Fusion Art
acrylics on canvas

by Raymond Creasy

"Art is life and life is everywhere. I like to feel the landscape, absorb the energy, light, and textures and communicate them in my work."

The Flagship with the artist 4' x 6' Cosmic Kite 4' x 4"
Infinite Screw  4' x 4'

Raymond Creasy with The Flagship

Cosmic Kite by Raymond Creasy Infinite Screw by Raymond Creasy
(above) cover of fusion video
Galactic Smoothie  4' x 4' Starship Plaid  4' x 4'

See a 6 min. version:

fusion art & music video

shot at the of the opening
Reception at the Fresh Air
Gallery, in Clinton,  AR in
2006, including the Nature
paintings displayed on the
opposite wall.  Raymond &
Sue performed their music
live. Brad Bergdoll was the
videographer and used some
really fun video effects. We
edited the video; the one we
made into a dvd
is 21 minutes long.
Galactic Smoothie by Raymond Creasy
Starship Plaid
The Seed 16" x 20" Interstellar Jam Box 4' x 4'
Solar Sailboat 4'x 4'
The Seed  by Raymond Creasy ©2006 Interstellar Jam Box Solar Sailboat by Raymond Creasy

Ultra Glide 2' x 4' Raspberry Milky Way 2' x 4'
Big Bang Biplane 3' x 4'
Ultra Glide by Raymond Creasy
Raspberry Milky Way by Raymond Creasy
Big Bang Biplane

Four Blue Moons  3' x 5'

Four Blue Moons by Raymond Creasy

Press Release by Cynthia Dusenberry,Life in the Ozarks, July 2006

Clinton's Fresh Air Yoga Studio and Art Gallery will be hosting local musician and artist Raymond Creasy at its August exhibition. Creasy's many and varied talents and his eclectic style will provide an interesting evening.  Creasy's latest CD is titled "Fusion," a word which should describe the process each of us utilizes in our constant absorption of experience and aesthetics.  Do we filter, forge, and fashion, or merely file away? Raymond Creasy must define the word as a solipsist does. He, too, is a sponge at the center of his universe, but to keep absorbing requires giving up some of what has been internalized. When he frees up space in his cranial computer, one sees art, hears music, lyrics and stories - - an integration of what has shaped him, reformed by the purely human element of creativity into something remarkable.

Although he has traveled extensively, Creasy is a product of Tennessee, a cultural petri dish for musicians. He has performed with such musical legends as Porter Waggoner, Carl Perkins, and Willie Nelson, has played with successful bands and formed two of his own. He has performed at concerts and festivals, in clubs and on college campuses. He has performed on and hosted radio and television shows. His popularity is easily explained: he's really good. He plays guitar, mandolin, and instruments one would be hard-pressed to pronounce. He was twice named Tennessee's best banjo player. His music is unique, but there's an occasional hint of Willie Nelson or Neil Young. Or is it a more atavistic sound? Blues? Appalachian? Native American? In any case, those influences are discreetly intertwined with distinctive Creasy. He will keep you listening.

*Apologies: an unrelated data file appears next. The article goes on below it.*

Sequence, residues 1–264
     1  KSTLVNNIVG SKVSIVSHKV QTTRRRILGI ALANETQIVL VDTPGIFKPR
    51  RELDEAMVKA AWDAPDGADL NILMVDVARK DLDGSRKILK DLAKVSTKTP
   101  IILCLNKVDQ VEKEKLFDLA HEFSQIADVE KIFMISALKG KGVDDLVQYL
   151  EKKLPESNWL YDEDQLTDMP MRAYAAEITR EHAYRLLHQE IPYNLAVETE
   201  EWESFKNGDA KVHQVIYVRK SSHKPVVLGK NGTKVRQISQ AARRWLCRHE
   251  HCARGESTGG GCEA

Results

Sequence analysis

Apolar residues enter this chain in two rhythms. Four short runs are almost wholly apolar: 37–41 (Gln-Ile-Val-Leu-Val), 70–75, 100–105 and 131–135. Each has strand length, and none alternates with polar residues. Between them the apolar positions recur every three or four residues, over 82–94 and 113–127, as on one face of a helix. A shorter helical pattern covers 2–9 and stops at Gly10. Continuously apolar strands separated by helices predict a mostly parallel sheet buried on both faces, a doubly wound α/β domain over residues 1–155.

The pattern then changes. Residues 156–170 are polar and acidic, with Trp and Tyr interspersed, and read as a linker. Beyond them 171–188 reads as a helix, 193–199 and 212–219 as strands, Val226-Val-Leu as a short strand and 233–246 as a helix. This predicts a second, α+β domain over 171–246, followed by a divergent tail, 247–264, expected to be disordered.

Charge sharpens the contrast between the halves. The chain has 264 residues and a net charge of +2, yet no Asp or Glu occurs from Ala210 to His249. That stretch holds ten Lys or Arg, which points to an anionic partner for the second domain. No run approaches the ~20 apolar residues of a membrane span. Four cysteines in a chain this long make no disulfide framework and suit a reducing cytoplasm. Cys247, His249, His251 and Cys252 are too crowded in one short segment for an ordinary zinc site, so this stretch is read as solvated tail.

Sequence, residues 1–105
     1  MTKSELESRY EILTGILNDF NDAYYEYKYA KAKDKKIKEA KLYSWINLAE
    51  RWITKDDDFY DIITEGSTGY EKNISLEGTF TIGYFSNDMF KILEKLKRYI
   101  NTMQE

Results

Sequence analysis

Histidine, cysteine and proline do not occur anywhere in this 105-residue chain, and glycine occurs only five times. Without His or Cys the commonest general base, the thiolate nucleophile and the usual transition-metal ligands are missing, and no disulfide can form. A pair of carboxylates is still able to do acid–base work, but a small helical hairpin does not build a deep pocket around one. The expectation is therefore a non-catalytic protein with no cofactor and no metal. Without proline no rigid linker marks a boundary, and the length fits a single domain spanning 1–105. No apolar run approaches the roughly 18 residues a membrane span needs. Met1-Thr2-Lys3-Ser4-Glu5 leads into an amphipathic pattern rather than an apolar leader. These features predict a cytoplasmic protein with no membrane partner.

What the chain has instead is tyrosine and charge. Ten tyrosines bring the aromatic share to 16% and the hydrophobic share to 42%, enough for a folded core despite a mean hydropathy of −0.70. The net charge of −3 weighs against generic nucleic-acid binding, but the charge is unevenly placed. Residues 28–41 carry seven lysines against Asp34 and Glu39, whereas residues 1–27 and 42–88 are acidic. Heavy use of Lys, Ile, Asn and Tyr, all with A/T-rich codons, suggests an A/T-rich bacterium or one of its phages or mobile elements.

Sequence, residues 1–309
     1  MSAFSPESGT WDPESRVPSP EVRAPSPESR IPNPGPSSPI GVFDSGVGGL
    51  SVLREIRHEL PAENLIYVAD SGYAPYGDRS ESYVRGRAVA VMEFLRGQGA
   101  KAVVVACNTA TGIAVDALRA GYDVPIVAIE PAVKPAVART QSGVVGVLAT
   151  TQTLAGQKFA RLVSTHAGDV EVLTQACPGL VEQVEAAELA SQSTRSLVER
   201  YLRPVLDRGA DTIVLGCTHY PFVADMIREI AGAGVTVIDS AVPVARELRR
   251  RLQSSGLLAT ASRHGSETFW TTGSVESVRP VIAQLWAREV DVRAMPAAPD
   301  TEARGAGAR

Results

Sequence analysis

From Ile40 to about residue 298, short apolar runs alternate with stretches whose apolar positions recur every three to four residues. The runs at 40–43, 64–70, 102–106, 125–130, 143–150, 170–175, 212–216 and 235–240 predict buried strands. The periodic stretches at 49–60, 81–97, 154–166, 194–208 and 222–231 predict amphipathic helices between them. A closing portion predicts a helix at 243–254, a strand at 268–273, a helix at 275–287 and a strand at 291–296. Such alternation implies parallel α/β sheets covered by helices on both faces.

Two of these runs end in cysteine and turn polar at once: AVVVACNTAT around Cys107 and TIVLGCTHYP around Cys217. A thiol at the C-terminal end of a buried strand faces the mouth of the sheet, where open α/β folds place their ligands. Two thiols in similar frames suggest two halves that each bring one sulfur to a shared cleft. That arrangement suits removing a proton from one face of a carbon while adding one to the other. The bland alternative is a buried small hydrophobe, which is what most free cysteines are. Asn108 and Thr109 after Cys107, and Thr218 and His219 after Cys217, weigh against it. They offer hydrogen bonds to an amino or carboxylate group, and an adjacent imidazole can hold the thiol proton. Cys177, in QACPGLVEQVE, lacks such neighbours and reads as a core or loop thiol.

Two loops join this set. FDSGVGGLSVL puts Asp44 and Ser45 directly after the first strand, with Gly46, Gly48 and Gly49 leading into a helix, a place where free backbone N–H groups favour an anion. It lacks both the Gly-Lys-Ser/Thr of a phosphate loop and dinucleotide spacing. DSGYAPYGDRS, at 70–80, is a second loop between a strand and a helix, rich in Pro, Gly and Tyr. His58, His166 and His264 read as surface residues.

Creasy's art is as intriguing as his music, and as diverse. Be it acrylics, oils, pastels, watercolors, or wood, his medium is chosen by the subject. He has exhibited in four states and taken Best of Show in the Memphis Watercolors Show and the Purchase Award, Arkansas Artists, at Little Rock's Arkansas Art Center. The faces in his portraits tell stories and record histories. His scenes and landscapes elicit fleeting thoughts of 19th-century artist and illustrator Arthur Rackham, minus the woods' fairies - - you are just one tiny step away from what's genuine. Creasy himself best describes this subtle element of unreality in his work:  "Art is life and life is everywhere. I just like to feel the landscape, absorb the energy, light, and textures and communicate them in my work." And we're back to that synesthetic process of creativity again: the senses affect how we see a scene, and that alteration from "true" is the creative element that makes a painting instead of a photograph. His abstracts are geometric, compelling, and, like his music, curiously dimensional.

Born and educated in Tennessee, Creasy has toured and played all over the United States, and shown his artwork in Tennessee, Colorado and New Mexico. Since moving to Van Buren County in 1988, he has made musical appearances at such regional venues as Riverfest, the Ozark Folk Center and Memphis in May, and has had art shows at Pinnacle Gallery in Clinton, the Advent and Arts Cafe in Conway and hung in the Arkansas Craft Gallery in Mountain View.  Creasy's murals can be seen in Mountain View and Leslie.  If you miss Creasy's opening, you'll miss an exceptional event. Both his art and music will be showcased from 6 to 8 p. m., August 11, at Fresh Air Yoga Studio and Art Gallery, 652 Main Street in Clinton. You can enjoy the art while being woven into the music.

Art from Nature by Raymond, shown at Fresh Air Gallery

Wooden Flutes made by Raymond

CDs and DVDs

Email Raymond

Legacy Herbs